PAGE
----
Culture on the Edge: An Origin Story

Last week, Professors Steven Ramey and Vaia Touna sat down to discuss their involvement with the Culture on the Edge research group and blog, along with their two book series. Though the discussion was intended to focus on Prof. Touna’s recent addition to the published series, it naturally led to a conversation on the implications of fabricating origins and identity.

Continue reading

On Immigration, Identity, and White Privilege

ank2gr

By Andie Alexander
Andie Alexander earned her B.A. in Religious Studies and History in 2012. She is now pursuing her Ph.D. in American Religious Cultures at Emory University. Andie also works as the online Curator for the Culture on the Edge blog.

Hi, I’m Andie, and I’m an immigrant. But we’ll get to that. As I wrote this on Election Day in the U.S., I, like many of you I suspect, got very little work done. Instead, I was tuning in on social media to see the latest buzz on the 2016 U.S. Presidential Election. As I was scrolling through facebook, I came across an article that a friend posted which featured this tweet from Ann Coulter.

screen-shot-2016-11-08-at-1-12-41-pm Continue reading

Stereotyping Gender: I’m 100% Masculine

Screen Shot 2016-07-29 at 4.24.18 PMBy Andie Alexander
Andie Alexander earned her B.A. in Religious Studies and History in 2012. She is completing her M.A. in Religious Studies at CU Boulder. Andie also works as the online Curator for the Culture on the Edge blog.

Some weeks back, I saw several of my friends posting their results of this Gender Role Test on Facebook. I usually tend to keep scrolling, but after seeing several of these results, I just couldn’t resist what I knew would make for a fun blog post. The test itself is 36 questions to which you answer in varying degrees of agreement or disagreement. The test description reads:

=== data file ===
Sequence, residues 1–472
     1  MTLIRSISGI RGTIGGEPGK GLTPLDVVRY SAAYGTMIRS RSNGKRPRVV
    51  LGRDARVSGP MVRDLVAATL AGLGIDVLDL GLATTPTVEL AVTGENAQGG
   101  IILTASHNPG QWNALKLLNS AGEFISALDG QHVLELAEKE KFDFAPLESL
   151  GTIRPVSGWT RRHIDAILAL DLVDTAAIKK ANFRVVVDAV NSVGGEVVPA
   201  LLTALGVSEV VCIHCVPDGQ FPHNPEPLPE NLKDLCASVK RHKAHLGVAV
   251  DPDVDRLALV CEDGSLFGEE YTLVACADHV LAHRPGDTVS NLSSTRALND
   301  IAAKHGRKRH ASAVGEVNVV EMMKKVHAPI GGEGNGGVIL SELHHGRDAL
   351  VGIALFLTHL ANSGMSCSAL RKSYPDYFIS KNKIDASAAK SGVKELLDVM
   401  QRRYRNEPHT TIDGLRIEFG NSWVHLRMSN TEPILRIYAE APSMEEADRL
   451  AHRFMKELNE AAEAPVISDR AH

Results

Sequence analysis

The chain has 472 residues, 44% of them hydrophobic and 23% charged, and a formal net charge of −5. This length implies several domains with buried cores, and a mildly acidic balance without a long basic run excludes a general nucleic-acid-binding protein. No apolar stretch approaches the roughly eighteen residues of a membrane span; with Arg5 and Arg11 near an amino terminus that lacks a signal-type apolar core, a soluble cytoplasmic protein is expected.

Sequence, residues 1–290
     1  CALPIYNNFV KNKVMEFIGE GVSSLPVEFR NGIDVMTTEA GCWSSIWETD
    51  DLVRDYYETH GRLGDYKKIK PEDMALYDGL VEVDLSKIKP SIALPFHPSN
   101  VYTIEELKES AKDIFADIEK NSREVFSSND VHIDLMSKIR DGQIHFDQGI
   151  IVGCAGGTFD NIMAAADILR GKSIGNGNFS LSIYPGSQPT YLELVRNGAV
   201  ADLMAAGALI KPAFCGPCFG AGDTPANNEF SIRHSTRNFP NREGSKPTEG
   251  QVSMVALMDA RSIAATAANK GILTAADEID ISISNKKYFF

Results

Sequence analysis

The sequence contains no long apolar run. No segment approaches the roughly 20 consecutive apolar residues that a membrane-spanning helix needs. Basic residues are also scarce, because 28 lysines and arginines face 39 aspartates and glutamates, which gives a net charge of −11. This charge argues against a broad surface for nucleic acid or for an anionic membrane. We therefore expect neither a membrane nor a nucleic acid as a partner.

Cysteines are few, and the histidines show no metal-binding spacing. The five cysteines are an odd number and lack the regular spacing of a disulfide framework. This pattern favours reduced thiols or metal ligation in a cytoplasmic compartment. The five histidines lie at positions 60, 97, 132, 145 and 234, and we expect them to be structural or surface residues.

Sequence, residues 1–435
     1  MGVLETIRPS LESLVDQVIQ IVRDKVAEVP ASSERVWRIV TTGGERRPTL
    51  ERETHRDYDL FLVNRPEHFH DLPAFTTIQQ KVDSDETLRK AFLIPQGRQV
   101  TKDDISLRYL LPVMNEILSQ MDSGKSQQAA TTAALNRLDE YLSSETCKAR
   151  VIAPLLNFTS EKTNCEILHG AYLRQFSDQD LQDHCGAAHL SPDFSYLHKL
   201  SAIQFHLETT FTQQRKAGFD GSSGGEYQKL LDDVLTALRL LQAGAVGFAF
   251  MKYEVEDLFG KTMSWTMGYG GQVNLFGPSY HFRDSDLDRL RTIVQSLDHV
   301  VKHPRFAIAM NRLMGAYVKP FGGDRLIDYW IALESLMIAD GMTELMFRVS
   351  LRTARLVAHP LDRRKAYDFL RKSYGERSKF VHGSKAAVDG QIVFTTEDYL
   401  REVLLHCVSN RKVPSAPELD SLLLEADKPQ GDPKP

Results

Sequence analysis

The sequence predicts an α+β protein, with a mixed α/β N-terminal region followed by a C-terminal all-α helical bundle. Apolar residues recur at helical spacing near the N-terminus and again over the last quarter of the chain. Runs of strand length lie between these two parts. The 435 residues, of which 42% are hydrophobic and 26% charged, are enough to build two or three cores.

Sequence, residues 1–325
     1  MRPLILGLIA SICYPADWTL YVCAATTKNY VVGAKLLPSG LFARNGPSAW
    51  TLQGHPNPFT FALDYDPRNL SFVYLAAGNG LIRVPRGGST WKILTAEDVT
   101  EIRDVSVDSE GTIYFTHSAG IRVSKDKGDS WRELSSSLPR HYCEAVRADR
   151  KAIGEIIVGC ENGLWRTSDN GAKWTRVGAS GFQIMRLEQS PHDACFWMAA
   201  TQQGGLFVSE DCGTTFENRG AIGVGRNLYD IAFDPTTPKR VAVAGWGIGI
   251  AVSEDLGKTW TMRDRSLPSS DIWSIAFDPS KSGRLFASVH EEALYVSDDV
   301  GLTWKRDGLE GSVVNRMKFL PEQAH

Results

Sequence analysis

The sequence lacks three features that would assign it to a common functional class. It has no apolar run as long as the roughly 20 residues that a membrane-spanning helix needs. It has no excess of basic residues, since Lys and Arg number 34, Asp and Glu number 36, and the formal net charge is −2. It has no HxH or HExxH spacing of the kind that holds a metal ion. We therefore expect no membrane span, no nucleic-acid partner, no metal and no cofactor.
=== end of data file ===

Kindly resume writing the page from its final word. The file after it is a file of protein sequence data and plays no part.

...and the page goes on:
Screen Shot 2016-09-05 at 7.32.54 PMWhile I’m not familiar with Bem’s work, I do find it somewhat telling that despite the acknowledgement of stereotyping, this test proceeds to do just that. As I went through the questions, it became quite clear to me that I was going to be labeled as “masculine” — not because these traits are inherently masculine, but rather because that is what we have come to take for granted as a masculine traits (e.g., assertive, dominant, ambitious, to name but a few listed in the test) — as opposed to “feminine” (e.g., polite, mild, soothing). Of course, it is worth noting that there are only two gender identifications with which one can identify. And while one can easily push back and say that these traits are gender fluid, etc., etc., what I find most compelling is the way in which these quiz questions reify gender norms broadly speaking. I suspect most people might nod and agree with their results, unless of course, they get something as drastically “different” as mine.  Continue reading

You Ain’t No Conservative, Bruv

Did you see the video of the man arrested after he attacked people in a London subway with a knife? “You ain’t no Muslim, bruv!” declared an onlooker.

Or, did you hear how Paul Ryan responded to Donald Trump’s call to ban Muslims from entering the United States? “This is not conservatism,” he said into the cameras.

I think Amber Phillips is right in her analysis of these two statements in her blog post at The Washington Post.

Screen Shot 2015-12-08 at 1.52.12 PM

These moments of identity construction and group boundary maintenance are exactly the sorts of things us scholars of religion should be paying special attention to.

Game of Traditions

tradition

By Andie Alexander
Andie Alexander earned her B.A. in Religious Studies and History in 2012. She is now working on her M.A. in Religious Studies at CU Boulder. Andie also works as the online Curator for the Culture on the Edge blog.